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close this book Women's rights and development
View the document Preface
View the document Introduction
View the document Women in the new world order: Voices of workers from the Third World
View the document A development agency as a patriarchal cooking pot the evaporation of policies for women's advancement
View the document Gender and development in European development cooperation
View the document Overview of discussion
View the document Panel session: The future agenda of the women's movement in relation to national and international structures
View the document Overview of discussion
View the document Strategies for achieving a women's rights policy agenda: over new of working groups
View the document Closing remarks
View the document Participants
View the document Seminar programme

Closing remarks

Helen O'Connell, One World Action

The question of political power has been raised frequently today. That is important, because we have a habit, in development circles, of not discussing political power. What has also become clear is that political power no longer lies only in conventional, political structures, but also in other areas, for example, in the hands of public corporations and international financial institutions. This raises the question of to whom we are addressing our demands.

The debate about human rights was very interesting and has produced some clarity. It highlights the fact that we need to work even harder to bring together the agenda of development and the agenda of human rights. As a development practitioner I tend to use the term human rights very broadly, to mean something that affects every aspect of people's lives, rather than as an instrument that people can use.

It is clear that development should be our issue, and that is why we are at this meeting; but we need to redefine development both from the bottom up and from the top down. It has also been remarked today that poverty should be our issue, and that is also a reason why we are here; but we must remember that poverty is not the only issue or the only form of inequality.

An area of strategy which is close to my heart is that of exposing contradictions: contradictions between policy statementsand action and between rhetoric and reality, and also contradictions that are inherent in the dominant economic model. I think this is an urgent task.

This brings us to the question of resources, which is something that also deserves our closer attention. If we are serious about continuing the work we are doing on gender issues, and about being part of an ongoing international women's movement after Beijing and after the excitement of all the UN conferences, then we clearly need resources. And by resources I do not mean merely money. We also need time to think and room to act. Money is not our only problem although clearly it is a huge one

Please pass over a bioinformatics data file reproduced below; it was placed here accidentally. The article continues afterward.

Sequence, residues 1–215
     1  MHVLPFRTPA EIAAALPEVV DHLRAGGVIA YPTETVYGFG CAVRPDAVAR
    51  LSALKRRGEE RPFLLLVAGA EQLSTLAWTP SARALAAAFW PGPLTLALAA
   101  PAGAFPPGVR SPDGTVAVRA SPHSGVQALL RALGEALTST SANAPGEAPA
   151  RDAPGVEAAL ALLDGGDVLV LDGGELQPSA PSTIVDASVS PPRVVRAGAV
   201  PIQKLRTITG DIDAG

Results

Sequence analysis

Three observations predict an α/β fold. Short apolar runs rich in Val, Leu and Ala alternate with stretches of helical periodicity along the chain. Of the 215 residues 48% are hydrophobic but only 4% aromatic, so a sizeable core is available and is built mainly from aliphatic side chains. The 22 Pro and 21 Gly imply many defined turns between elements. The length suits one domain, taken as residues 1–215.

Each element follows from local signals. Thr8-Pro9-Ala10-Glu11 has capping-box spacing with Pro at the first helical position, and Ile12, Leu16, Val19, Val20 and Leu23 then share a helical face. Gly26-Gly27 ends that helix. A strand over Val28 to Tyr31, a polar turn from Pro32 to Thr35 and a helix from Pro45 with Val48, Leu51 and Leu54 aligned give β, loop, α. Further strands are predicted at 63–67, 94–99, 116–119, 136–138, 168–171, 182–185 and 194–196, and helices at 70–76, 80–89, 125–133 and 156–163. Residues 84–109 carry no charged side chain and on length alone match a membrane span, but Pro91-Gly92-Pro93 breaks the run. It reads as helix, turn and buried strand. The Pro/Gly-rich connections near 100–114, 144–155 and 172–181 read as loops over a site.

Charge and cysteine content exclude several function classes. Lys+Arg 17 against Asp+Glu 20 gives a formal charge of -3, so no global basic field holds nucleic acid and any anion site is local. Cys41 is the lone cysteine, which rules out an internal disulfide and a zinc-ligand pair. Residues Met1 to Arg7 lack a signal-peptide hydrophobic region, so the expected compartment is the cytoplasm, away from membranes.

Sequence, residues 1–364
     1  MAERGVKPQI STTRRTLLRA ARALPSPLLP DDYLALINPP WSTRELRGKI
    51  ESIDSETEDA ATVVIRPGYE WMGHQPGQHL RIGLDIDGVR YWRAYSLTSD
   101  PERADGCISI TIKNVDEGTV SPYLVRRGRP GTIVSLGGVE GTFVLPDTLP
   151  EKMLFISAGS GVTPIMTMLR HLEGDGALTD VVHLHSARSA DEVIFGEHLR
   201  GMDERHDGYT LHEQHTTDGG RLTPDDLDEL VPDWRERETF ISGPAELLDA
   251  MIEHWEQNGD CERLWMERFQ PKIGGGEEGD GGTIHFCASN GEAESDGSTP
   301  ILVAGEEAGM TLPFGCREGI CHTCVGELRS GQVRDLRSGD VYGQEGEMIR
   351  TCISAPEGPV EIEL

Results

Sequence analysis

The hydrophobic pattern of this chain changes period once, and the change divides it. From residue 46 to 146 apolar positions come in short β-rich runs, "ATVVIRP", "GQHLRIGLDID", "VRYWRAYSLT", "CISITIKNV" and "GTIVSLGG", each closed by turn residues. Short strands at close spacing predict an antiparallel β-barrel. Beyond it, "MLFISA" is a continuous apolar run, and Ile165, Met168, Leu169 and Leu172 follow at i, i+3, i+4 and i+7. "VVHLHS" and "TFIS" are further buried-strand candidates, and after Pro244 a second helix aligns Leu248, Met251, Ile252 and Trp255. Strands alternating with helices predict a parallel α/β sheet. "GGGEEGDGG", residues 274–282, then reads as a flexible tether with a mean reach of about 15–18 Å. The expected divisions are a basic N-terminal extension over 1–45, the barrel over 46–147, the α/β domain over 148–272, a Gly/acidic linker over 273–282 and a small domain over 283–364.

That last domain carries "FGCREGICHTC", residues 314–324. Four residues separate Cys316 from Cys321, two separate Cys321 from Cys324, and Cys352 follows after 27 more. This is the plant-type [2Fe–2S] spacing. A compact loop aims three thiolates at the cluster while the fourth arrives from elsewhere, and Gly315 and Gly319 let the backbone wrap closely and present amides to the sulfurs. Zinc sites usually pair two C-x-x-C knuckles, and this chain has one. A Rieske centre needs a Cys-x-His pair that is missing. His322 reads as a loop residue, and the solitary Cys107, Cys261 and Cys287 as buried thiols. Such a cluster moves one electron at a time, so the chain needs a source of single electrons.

For me the most important aspect of taking our work forward is our alliance-building and the international connections which have grown very dramatically over the last 15 years. I sincerely hope these will continue to grow.

Maitrayee Mukhopadhyay, Oxfam UK/1 We have talked today about the new developments in the world, the new challenges and the new strategies we should be using to meet those. I want to end in a slightly celebratory manner by recalling to you what has been tried, what has been achieved, and what were the constraints (and they are still with us).

I do not think there is anything that the women's movement has not tried, in the last one and a half decades, to reverse the imbalance of power between men and women, between social groups: whether it has been a question of land rights, whether it has been feminist researchers trying to tell the designers of male-dominated paradigms that they were wrong, whether it has been the efforts to bring about a feminist agenda within institutions like Oxfam and the World Bank, the women's movement has tried it all.

There have been lots of successes. The fact that we are sitting here today talking about it shows that there have been many successes. Some things that I consider successes are: the possibility we now have to talk about things that were never talked about openly before, such as the private aspect of women's subordination; the fact that our institutions have political agendas; the fact that we are able to network to try and strategise to meet the imbalances of power. Some of those things have been achieved to some extent.

Then I must mention the constraints. These are very clear. The winning of hearts and minds within institutions, for instance, has not only been difficult, it has not really been achieved.

As for where we should go from here, I have a sense of deja-vu. We need to take stock, we need to think of where the politics has gone out of our agenda, whether gender and development has become appropriated in an institutional manner which has made it 'safe'. We are still thinking how to mobilise, how to raise consciousness, how to win back rights. But this is not just a revisiting of what we did in the 1 980s. It is a question of organising in a new context, because the context has changed.

We have cause to celebrate the fact that it is possible for us to meet and talk as we have done today because we have behind us the last ten to fifteen years of many women's experiences at many levels, be it women fighting for their rights or someone demanding changes at the World Bank. We have those experiences with us and we should now apply ourselves in different fore, in different alliances, to looking at how we organise in the new context.